Lucie Lacava is fluent in five languages, and Instagram is one of them.
She has 33.2k followers on her photography-based Instagram, @lulucrezia, but Lacava hasn’t always been “Insta-famous.”
“I’ve been sort of addicted to Instagram since the first year the app came out and I find it to be a great creative release,” Lacava said. However, it wasn’t until she found her bearings within the intricacies of Instagram that the social network featured her on their Suggested Users list.
Now, her feed, full of abstract architectural forms, sleek structures and open spaces — all in blue — is constantly flooded with likes and comments.
Lacava showed session attendees what was holding them back from Instagram fame when she asked them about how they use the app.
“It’s mostly my daughters and what I eat. I also have an Instagram for my brother’s restaurant in Panama,” one attendee said. “I’ve used Instagram since yesterday,” said another, summoning laughter. Many others also noted food, pets and personal photos as their main subjects.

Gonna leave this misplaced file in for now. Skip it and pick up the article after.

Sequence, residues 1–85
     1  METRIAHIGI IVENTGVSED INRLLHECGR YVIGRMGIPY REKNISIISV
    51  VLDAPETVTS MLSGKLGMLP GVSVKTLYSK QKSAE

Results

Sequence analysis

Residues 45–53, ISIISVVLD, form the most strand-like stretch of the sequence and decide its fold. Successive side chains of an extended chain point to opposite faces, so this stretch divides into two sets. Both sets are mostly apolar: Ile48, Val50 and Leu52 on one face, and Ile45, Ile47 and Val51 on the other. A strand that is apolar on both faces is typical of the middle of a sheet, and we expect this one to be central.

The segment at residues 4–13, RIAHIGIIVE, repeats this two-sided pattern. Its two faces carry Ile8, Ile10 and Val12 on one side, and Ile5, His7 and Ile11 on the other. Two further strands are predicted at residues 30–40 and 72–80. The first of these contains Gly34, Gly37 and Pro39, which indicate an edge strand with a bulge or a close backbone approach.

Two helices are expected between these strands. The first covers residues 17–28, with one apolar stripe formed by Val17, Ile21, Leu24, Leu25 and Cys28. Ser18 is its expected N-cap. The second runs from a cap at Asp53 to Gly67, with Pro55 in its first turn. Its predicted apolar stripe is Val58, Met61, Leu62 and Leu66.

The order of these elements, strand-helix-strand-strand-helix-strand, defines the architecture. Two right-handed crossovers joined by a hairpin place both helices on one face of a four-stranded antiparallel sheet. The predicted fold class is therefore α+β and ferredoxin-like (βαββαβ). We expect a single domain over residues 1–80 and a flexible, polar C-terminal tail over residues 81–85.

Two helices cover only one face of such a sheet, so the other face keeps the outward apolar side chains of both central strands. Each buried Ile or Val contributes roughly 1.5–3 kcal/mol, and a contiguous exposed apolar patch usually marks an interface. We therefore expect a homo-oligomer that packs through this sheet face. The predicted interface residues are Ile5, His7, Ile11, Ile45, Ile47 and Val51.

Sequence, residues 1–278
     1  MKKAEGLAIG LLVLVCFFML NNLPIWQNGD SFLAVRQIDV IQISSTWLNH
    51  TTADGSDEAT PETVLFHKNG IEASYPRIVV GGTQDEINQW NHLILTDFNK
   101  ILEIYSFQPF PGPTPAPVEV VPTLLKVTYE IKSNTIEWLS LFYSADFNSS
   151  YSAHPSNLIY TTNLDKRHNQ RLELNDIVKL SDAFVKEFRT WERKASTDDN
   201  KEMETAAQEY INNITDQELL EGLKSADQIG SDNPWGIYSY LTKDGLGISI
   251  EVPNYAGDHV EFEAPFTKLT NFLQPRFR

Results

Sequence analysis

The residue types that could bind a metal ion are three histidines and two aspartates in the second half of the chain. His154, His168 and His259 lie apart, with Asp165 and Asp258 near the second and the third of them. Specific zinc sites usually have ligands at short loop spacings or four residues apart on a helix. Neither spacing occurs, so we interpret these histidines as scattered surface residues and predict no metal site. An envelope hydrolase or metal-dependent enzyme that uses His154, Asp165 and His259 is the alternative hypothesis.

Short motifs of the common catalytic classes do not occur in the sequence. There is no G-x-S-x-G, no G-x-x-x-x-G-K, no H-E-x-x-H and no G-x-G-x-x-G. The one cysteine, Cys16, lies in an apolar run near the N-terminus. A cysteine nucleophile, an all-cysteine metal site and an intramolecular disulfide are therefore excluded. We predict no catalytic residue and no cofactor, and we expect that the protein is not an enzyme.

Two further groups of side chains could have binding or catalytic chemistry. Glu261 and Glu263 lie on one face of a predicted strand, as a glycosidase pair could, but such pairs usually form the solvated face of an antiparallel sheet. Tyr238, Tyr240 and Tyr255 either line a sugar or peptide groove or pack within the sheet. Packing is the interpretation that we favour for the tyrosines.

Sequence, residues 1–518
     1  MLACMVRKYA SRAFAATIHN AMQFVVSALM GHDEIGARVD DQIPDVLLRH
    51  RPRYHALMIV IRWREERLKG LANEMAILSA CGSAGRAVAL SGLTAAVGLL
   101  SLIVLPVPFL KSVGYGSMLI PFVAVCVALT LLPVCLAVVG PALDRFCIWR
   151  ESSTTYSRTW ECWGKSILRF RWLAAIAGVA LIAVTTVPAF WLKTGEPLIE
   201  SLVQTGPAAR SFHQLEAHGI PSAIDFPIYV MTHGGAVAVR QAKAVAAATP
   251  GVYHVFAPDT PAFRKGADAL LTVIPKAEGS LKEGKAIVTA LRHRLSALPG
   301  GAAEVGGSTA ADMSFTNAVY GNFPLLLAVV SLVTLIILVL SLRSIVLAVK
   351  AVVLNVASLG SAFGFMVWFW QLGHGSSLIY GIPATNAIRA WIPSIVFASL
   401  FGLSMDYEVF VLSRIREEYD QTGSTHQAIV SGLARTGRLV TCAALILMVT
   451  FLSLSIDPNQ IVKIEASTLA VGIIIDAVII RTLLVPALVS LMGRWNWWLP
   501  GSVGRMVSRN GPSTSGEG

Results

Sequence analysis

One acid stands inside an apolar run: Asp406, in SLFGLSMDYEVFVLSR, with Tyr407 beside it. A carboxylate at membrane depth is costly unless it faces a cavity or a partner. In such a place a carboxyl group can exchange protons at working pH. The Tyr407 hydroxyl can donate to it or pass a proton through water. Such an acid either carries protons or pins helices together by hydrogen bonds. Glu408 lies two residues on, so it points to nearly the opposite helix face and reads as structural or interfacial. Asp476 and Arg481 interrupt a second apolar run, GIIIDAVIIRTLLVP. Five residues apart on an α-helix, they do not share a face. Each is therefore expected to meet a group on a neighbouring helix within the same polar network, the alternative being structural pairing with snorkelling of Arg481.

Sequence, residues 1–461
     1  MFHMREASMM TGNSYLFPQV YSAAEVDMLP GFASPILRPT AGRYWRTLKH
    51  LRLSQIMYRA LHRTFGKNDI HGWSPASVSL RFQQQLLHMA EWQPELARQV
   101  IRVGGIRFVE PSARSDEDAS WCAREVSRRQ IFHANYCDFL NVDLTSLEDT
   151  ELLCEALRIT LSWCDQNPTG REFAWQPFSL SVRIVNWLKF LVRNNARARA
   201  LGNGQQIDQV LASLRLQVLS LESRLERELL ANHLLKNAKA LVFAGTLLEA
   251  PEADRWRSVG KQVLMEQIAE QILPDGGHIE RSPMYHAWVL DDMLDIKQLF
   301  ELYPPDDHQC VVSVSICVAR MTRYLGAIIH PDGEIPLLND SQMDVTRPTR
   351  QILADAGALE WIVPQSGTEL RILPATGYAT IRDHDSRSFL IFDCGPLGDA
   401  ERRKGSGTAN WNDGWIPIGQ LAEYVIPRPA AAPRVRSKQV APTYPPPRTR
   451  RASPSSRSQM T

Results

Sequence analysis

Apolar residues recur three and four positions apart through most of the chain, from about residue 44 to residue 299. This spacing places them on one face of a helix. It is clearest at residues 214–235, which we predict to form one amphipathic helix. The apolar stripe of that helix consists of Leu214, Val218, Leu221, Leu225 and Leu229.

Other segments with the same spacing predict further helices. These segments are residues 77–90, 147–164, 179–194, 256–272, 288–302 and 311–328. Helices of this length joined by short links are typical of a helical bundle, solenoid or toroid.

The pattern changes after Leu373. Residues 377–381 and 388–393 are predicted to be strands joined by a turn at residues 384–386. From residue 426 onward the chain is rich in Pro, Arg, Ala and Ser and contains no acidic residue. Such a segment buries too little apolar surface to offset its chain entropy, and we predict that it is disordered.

Stressing that users should focus on a single theme or subject per account, Lacava offered three main tips for creating a strong Instagram following: tell compelling stories, create a strong personal brand and develop your own unique style.
Lacava then brought attendees step-by-step — literally — through the Instagramming process with what she called an “Instawalk” through a nearby park. Attendees put her advice into action, snapping pics of baby geese, abstract patterns and nature.
The Insta pro then brought SNDers through the editing and posting process. At the end of the session, participants posted their final work with the hashtag #lucielacava for her to critique.
“I really liked hearing about how to use hashtags on Insta,” attendee Tyson Bird said. “I had a good following before, but even just one post with her hashtag tips seems to have gotten me an above-average amount of likes.”
One final pro tip from Lacava for those who weren’t able to snag a spot in the full-capacity session: “Instagram will darken your photo by 10 percent,” she said, “so always go lighter.”